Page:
[UPDATE: On August 13, Mayor Annise Parker announced that the Thanksgiving Parade will be held after all, thanks in part to over $400,000 in donations from the private sector. The Houston Festival Foundation is no longer involved in the parade.] 

A 64-year-old Houston tradition is in danger after the Houston Festival Foundation's announcement this afternoon that it will no longer produce the city's Thanksgiving Day parade (known officially as the Holiday Parade). The first parade took place in 1949, with Santa riding a sleigh from Union Station to the former Foley's downtown department store. Last year, over 400,000 people attended the Holiday Parade, with more than 2 million more watching on television. 

According to a press release, the HFF will stop producing the parade in order to focus on its other major annual event, the Houston International Festival: "Due to the rising costs associated with producing the annual parade event, the foundation's board made the difficult decision to end its production of the Holiday Parade, which has traditionally taken place in Downtown Houston on Thanksgiving Day." 

In a statement released to the press, Mayor Annise Parker criticized the HFF's decision: "I am disappointed HFF is having financial difficulties and is walking away from producing the annual holiday parade and has sold all of the event's assets," Parker said. "I personally want to see it continue. Discussions are already underway by various parties to see whether the parade can be saved."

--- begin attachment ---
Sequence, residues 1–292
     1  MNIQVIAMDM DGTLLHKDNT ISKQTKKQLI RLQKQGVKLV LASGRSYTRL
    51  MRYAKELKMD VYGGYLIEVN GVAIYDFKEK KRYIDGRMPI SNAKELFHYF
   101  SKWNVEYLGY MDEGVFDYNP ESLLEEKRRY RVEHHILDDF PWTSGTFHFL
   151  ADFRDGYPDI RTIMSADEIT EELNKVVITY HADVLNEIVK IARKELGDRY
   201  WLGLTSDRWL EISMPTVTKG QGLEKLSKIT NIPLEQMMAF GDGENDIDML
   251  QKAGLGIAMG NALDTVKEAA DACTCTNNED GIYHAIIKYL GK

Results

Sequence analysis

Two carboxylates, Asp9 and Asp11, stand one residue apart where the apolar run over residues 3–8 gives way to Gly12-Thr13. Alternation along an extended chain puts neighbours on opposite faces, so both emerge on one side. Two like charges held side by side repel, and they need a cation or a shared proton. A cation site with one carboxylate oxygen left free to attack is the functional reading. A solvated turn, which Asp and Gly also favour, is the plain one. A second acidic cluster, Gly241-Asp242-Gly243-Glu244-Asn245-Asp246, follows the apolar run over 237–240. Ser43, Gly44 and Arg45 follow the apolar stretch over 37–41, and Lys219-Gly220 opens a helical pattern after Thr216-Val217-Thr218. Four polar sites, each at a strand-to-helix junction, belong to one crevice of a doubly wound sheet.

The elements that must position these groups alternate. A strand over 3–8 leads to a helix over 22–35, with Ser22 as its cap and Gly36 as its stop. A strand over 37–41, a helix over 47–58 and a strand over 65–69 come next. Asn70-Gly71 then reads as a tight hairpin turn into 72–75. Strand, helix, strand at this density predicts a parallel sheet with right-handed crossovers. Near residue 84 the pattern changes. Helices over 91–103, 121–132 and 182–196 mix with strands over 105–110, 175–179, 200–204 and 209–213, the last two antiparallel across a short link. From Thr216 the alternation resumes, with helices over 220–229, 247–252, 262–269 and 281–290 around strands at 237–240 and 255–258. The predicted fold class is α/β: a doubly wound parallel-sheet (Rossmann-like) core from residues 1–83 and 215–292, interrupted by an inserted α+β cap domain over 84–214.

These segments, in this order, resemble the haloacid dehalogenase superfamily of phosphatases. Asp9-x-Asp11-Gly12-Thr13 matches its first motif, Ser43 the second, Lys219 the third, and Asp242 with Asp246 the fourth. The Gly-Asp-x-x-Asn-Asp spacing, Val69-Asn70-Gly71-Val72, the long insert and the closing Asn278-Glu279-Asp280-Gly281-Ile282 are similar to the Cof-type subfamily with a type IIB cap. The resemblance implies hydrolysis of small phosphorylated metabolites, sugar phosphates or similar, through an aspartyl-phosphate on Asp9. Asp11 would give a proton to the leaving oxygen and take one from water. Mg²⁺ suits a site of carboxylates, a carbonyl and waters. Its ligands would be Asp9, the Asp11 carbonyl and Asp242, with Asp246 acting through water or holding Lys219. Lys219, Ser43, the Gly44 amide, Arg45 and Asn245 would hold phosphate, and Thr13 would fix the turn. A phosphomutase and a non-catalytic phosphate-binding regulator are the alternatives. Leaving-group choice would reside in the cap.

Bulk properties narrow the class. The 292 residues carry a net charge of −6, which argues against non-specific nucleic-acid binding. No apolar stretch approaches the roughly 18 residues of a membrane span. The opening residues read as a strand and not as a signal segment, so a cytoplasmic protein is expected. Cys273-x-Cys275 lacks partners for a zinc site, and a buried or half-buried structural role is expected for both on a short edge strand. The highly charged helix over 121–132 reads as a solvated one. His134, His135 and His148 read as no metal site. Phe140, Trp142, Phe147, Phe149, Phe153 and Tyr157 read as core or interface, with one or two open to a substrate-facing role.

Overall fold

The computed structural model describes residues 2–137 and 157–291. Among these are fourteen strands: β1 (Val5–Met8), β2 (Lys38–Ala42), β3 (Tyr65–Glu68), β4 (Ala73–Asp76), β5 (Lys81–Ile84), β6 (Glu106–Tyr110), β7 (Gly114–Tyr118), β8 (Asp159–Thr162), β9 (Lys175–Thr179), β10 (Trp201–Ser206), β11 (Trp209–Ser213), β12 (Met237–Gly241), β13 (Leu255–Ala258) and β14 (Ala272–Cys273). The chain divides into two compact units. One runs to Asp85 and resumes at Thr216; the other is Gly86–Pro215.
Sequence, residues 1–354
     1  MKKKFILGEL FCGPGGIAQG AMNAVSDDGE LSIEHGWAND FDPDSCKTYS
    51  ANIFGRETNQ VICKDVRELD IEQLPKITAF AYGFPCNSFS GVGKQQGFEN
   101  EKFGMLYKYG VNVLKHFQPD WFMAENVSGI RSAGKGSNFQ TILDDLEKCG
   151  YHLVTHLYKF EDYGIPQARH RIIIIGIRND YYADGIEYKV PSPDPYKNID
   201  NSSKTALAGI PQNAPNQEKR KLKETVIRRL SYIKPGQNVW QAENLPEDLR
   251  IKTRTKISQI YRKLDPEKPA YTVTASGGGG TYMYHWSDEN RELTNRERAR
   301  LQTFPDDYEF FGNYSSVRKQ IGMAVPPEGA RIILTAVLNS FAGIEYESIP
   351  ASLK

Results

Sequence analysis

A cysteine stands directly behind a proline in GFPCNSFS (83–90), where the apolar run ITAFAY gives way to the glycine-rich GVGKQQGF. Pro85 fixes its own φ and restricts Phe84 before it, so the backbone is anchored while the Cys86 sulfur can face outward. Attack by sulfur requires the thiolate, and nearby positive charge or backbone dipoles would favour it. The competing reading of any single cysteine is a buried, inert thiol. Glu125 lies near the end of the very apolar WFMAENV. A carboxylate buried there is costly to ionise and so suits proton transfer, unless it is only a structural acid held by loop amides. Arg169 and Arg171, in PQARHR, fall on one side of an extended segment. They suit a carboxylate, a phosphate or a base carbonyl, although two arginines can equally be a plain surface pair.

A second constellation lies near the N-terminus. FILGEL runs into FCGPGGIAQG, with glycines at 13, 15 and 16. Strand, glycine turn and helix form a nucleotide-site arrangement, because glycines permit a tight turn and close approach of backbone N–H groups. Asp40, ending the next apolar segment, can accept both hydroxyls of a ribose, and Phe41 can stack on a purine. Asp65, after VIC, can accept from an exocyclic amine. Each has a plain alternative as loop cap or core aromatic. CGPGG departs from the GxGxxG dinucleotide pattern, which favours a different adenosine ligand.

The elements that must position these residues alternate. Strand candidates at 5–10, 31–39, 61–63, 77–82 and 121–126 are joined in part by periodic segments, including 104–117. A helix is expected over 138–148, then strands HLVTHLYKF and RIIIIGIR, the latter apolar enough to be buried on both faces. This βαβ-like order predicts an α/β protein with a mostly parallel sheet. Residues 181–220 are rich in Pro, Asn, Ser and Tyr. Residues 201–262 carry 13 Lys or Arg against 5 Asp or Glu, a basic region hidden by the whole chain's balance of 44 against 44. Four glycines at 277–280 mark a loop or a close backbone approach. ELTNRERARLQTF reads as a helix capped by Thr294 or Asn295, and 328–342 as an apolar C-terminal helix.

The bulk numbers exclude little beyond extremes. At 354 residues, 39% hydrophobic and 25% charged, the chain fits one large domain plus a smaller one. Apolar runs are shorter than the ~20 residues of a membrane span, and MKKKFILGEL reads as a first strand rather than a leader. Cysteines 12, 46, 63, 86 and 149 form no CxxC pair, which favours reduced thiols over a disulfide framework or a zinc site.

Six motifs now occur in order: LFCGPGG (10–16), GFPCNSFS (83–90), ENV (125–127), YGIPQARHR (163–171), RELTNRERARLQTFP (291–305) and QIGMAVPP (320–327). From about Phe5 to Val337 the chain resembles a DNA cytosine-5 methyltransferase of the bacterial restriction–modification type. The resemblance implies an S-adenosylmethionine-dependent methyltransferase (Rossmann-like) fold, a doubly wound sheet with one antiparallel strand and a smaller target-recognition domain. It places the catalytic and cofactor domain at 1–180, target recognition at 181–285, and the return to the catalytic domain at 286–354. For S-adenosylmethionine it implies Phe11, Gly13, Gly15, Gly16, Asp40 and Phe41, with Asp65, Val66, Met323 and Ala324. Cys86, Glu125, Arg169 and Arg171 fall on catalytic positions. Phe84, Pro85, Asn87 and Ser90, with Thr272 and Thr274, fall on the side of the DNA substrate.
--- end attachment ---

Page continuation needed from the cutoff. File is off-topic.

H-E-B, which has sponsored the parade since 2007, released a statement expressing its disappointment that the HFF "has liquidated its parade assets and chose [to] no longer produce the annual parade [...] we are hopeful a producer will be identified to continue this long standing Houston tradition."

Not everyone is unhappy with the HFF. Marie Jacinto, the director of communications for the Houston Arts Alliance, which provides grants that support the HFF, said that her organization "applauds [the HFF's] decision to focus on their core mission, which is to produce the Houston International Festival each spring. It's important for them to make that festival possible."

Lindsey Brown, the director of marketing and communication for the Greater Houston Convention and Visitors Bureau, said she was not aware of the HFF's decision. "It would have been interesting for them to send that to us," Brown said.

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